Sinotrans Shipping to float 35% of company

The first of two shipping companies to seek a Hong Kong listing is banking on higher freight rates and aggressive fleet expansion to boost its earnings.
Chinese shipping services provider Sinotrans Shipping is kicking off the institutional roadshow today for a Hong Kong initial public offering that aims to raise up to HK$11.45 billion ($1.47 billion).

As ChinaÆs largest dry-bulk shipping company in terms of the size of its self-owned fleet, the company is benefiting from the continued rise in dry-bulk freight rates that is driven primarily by ChinaÆs seemingly insatiable demand for commodities. SinotransÆ plan to aggressively expand its shipping capacity over the next few years should also support a significant improvement in earnings, syndicate analysts believe.

Aside from its fleet of 26 dry-bulk vessels that are used to transport goods such as iron ore, coal, grain and steel products, the company also owns and operates three very large crude-carriers (VLCC) and five container ships. These vessels are chartered out to shipping companies complete with a crew, either on long-term contracts or for one specific voyage.

It has also placed orders for 13 new vessels, comprising eight dry-bulk vessels, four container ships and one double-hull oil tanker that will be bought by its 50% owned MS Tanker subsidiary. These ships will be delivered between 2008 and 2011 and will be part of the companyÆs plan to increase its dry-bulk shipping capacity to 4 million-5 million dead-weight tonnes (DWT) in the next five years from 1.3 million DWT today. The already ordered vessels will boost its capacity to 2.15 million DWT.

It is also looking to increase the capacity of its oil tanker fleet to 1.2 million to 1.8 million DWT from 832,000 DWT today and of its container vessel fleet to at least 5,500 twenty-foot equivalent units (TEU) from the current 2,230 TEU, which will be met by the four ships on order as these have a combined capacity of about 3,400 TEU. The cost of the 13 new ships will be about $3.5 billion, which sources say it plans to finance primarily through bank loans.

Another key earnings driver, according to sources, is the fact that contracts for 45% of the companyÆs dry-bulk fleet are up for renewal within the next year, which should allow it to capture the surge in spot market rates over the past 12 months. The benchmark gauge of dry cargo freight rates is the Baltic Dry Index, which has soared from about 3,000 points a year ago to more than 9,000 points today.

ôThis means SinotransÆ profitability is expected to increase significantly in 2008,ö notes one syndicate analyst, who projects a 16% rise in net profit this year followed by a 115% gain in 2008.

The company posted a net profit of $119 million in 2006 on the back of $248 million of revenues. Sources say the company itself is expecting this yearÆs profit to be at least $126 million, based on a first-half profit of $57.6 million. As a listed company, Sinotrans plans to pay about 30% of its profit as dividends, they say.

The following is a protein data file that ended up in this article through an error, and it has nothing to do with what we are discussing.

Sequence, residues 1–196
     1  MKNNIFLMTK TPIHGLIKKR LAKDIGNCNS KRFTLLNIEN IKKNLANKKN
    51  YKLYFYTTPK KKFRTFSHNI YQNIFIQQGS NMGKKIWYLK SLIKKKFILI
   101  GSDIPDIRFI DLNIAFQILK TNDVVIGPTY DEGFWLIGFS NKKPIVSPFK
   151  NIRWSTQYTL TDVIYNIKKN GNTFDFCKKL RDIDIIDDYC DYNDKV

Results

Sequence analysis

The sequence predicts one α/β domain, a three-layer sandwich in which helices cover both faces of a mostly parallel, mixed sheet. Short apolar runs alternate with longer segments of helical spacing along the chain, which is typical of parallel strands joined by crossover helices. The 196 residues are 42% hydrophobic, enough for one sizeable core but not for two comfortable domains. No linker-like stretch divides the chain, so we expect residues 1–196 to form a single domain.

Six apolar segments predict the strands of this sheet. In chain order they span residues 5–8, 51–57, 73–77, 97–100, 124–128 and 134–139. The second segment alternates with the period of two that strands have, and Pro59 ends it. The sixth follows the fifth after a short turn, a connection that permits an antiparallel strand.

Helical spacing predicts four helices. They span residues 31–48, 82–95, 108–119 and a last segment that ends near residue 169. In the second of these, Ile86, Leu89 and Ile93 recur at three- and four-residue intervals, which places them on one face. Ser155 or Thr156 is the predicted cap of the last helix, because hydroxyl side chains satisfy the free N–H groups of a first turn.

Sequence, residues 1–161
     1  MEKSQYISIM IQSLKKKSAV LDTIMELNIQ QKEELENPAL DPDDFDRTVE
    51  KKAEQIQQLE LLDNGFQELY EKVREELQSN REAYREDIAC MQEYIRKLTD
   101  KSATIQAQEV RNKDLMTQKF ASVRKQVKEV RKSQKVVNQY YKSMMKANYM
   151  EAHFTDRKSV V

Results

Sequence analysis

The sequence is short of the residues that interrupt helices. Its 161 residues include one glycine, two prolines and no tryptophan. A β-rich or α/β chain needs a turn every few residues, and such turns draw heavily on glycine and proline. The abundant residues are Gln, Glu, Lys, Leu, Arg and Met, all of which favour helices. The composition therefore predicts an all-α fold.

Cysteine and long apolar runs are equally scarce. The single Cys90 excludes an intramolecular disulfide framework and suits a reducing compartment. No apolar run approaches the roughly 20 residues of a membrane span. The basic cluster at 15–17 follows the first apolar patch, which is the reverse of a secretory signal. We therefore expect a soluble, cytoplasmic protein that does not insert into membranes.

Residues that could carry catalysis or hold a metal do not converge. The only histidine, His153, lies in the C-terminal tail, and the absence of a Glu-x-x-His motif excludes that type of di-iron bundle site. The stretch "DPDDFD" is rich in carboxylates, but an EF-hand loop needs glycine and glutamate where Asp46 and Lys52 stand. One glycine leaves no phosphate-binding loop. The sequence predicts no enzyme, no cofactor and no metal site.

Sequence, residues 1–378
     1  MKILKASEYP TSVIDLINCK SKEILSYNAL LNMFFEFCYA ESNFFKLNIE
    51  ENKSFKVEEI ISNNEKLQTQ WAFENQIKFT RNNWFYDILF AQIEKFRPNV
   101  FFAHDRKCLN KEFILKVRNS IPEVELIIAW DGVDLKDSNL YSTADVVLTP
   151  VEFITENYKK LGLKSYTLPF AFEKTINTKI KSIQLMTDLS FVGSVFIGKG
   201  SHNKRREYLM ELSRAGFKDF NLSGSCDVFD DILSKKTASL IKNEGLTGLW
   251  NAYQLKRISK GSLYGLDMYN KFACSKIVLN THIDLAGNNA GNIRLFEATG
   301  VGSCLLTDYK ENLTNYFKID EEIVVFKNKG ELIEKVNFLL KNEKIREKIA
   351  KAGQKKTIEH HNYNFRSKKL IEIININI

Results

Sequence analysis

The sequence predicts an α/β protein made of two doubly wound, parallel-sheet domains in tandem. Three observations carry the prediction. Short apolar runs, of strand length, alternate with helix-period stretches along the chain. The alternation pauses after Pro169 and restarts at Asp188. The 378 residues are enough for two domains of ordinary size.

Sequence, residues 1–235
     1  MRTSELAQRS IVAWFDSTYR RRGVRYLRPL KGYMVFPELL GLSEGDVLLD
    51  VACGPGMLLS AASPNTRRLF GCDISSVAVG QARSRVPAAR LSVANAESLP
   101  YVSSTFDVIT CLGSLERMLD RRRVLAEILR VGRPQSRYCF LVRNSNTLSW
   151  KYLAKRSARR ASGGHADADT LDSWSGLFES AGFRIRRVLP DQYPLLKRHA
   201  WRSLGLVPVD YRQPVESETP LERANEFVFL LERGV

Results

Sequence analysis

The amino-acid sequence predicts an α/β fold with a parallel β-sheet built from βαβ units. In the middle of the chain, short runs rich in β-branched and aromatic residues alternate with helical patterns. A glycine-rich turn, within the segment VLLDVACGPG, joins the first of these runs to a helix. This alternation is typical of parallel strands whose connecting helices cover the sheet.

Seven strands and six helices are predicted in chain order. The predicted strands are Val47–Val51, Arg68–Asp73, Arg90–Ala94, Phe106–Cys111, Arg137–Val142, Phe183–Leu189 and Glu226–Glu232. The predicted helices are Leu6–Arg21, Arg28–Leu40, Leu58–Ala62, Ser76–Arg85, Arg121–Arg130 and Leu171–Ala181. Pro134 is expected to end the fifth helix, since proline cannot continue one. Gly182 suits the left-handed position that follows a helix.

The company is offering 1.4 billion new shares, or 35% of the total share capital, at a price between HK$7.18 and HK$8.18 apiece. The deal will have the usual 90:10 split between institutional and retail investors, but standard clawback triggers will apply and could increase the size of the retail portion to 50% of the total in case of strong demand.

There is also a 15% overallotment option, which may boost the total proceeds to as much as $1.68 billion if exercised in full. BOC International and UBS are joint bookrunners of the offering.

Sinotrans Shipping is a subsidiary of state-owned China National Foreign Trade Transportation (Group), also known as Sinotrans Group, which was formed in 1950 and ranks as ChinaÆs largest transportation and logistics services company. Consequently, the Sinotrans name has strong brand recognition in the industry and the group also has long-standing relationships with many of its customers and suppliers, as well as the shipbuilders û which is key for getting deliveries on time even during busy periods like the present when most ship owners are ramping up. The parent will hold 65% of Sinotrans at the time of listing.

To help ensure sufficient demand for the offering, the company has already signed up seven cornerstone investors who will jointly buy $175 million worth of shares. Depending on the final price, this will see them take between 11.9% and 13.6% of the deal, which is quite low compared with other Hong Kong IPOs of a similar size that tend to sell at least 15% and often more than 20% to cornerstone investors.

Interestingly, Sinotrans has attracted no less than three shipping- related entities to support its offering: an investment unit of the China Merchants Group that invests solely in shipping companies; China Shipping (Hong Kong) Holdings, which is involved in international transportation of bulk cargo and containers, chartering and agency businesses and the provision of various shipping-related services; and Cosco (Hong Kong), another dry-bulk cargo and shipping services company.

The other cornerstones are Lee Shau Kee, the Li Ka-shing Foundation, alternative investment firm Citadel Equity Fund and Ping An of China Asset Management (Hong Kong), which is the overseas investment management arm of Ping An Insurance. Each of the seven cornerstones will by $25 million worth of shares and has agreed to a six month lockup.